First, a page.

Multiple Browsers - Denial of Service








                     One bug to rule them all
       Seamonkey,Wii,PS3,iPhone,iPod,Nokia,Siemens.... and more.
               Don't wet your pants - it's DoS only

Release mode: Tried hard to coordinate - gave up
Reference   : [GSEC-TZO-26-2009] - One bug to rule them all
WWW         :
Vendors         :
Status      : Varies
CVE         : CVE-2009-1692 (created by apple same root cause)
Credit      : Except Apple - nobody

Affected products : 
- Internet Explorer 5, 6, 7, 8 (all versions)
- Chrome (limited)
- Opera 
- Seamonkey
- Midbrowser
- Netscape 6 & 8 (9 years ago)
- Konqueror (all versions)
- Apple iPhone + iPod 
- Apple Safari
- Thunderbird
- Nokia Phones : Nokia N95 (Symbian OS v.9.2),Nokia N82, Nokia N810 Internet Tablet
- Aigo P8860 (Browser hangs and cannot be restarted)  
- Siemens phones
- Google T-Mobile G1 TC4-RC30
- Ubuntu (Operating system sometimes reboots, memory management failure)
- possibly more devices and products that support Javascript,
try it yourselves. POC here :

Patch availability :
- Mozilla : Fixed in Firefox 3.0.5 and
- Apple iPhone&iPod : patched
- IE : No patch for IE5, IE6, IE7, IE8 until IE9
- Webkit : Patched in r41741 -
- Chrome : Patched, unknown which version)
- Opera : Patched after version 9.64
- Thunderbird (unknown)
- Konqueror : unknown (did not respond)
- Nokia : unknown, opened a case but never came back
- Aigo P8860 : unknown
- Siemens : unknown
- Others ? Find out by visiting the POC at

I. Background
Quoting Wikipedia "ECMAScript is a scripting language, standardized by Ecma 
International in the ECMA-262 specification and ISO/IEC 16262. The language 
is widely used on the web, especially in the form of its three best-known 
dialects, JavaScript, ActionScript, and JScript."

II. Description
Calling the select() method with a large integer, results in continuos
allocation of x+n bytes of memory  exhausting memory after a while.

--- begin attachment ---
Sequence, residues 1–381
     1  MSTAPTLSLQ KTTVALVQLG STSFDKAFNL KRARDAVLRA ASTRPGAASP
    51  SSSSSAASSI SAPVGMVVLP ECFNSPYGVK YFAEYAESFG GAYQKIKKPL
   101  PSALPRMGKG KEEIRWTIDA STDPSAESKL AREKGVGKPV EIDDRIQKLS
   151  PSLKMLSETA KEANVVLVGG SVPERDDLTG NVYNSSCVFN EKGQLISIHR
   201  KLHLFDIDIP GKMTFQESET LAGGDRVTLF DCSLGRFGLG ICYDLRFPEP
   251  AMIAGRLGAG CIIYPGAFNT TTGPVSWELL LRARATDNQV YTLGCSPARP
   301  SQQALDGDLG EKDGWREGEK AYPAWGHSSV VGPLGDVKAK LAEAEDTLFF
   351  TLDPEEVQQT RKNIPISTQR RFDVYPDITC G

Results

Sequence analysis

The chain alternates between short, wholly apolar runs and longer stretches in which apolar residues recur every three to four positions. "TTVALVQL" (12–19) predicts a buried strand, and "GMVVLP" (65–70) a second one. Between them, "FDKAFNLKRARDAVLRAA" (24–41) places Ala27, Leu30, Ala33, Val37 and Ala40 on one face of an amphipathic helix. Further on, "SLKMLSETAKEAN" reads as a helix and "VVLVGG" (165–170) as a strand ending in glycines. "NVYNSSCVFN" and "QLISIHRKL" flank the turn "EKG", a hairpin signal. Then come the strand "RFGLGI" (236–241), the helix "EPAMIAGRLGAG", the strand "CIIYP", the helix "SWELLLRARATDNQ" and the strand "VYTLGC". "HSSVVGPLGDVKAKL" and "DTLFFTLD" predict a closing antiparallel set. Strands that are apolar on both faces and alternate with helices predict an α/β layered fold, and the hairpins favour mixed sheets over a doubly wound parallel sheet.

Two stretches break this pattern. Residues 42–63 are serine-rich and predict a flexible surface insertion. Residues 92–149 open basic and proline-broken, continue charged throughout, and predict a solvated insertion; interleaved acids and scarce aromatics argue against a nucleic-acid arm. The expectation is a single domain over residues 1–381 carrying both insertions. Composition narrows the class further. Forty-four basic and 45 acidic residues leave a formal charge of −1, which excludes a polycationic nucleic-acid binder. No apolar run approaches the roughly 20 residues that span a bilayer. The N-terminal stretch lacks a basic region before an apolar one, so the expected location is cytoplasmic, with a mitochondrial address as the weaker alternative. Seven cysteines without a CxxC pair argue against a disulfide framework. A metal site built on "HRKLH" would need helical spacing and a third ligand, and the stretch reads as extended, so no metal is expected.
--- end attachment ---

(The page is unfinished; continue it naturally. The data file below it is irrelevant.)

The impact varies from null pointer dereference (no more memory,hence 
crashing the browser) to the reboot of the complete Operation System 

There had never been a limit specified as to how many html elements the select
call should handle, after the report of this Bug, vendors apparently agreed to a 
limit of 10.000 elements : "Talked to some Apple and Opera guys at the 
WHATWG social, and we decided this was a good number"

III. Impact
The Impact varies from Browser to Browser and from OS to OS. 

Here is a small excerpt:
- Konqueror (Ubuntu)- allocates 2GB of memory then either crashes 
the Browser or (most often) the OS reboots. Ubuntu's memory
management system appears to be configured as to NOT stop the process
that consumes too much memory, but a random process.
This sometimes leads to processes that are vital for the OS to
be killed, hence the reboot. I am not kidding. Thanks to
'FX' for Memory management hint.

- Chrome :  allocates 2GB of memory then crashes tab with a null pointer

- Firefox : allocates 2GB of memory then the Browser crashes

- IE5,6,7,8 : allocates 2GB of memory then the Browser crashes

- Opera : Allocated and commits as much memory as available, 
will not crash but other applications will become unstable 

- Nintento WII (Opera) : Console hangs, needs hard reset
Video: (Thanks to David Raison)

- Sony PS3 - Console hangs, needs hard reset 
Video: (Thanks to Chris Gates)

- iPhone - iPhone hangs and needs hard reset
Video: (Thanks to g0tcha)

- Aigo P8860 (Browser hangs and cannot be restarted)  

IV. Proof of concept 
function poc(o) {
        e = document.createElement("select");

function go() {


Some have not understood what this code does, it does NOT loop as some vendors
claimed, it just calls select.lenght() ONCE with a huge integer. One might wonder
if over the 9 last years that this bug existed, nobody ever entered a large 
number in a select.lenght() call.

IV. Disclosure timeline
Nothing particular to note, except the usual discussion about availability being
a security issue.

V. Thanks
Chris Gates, David Raison, Fahem Adam, a team of engineers that recognise themselves
and oCert for not helping coordinate this bug.

# [2009-07-15]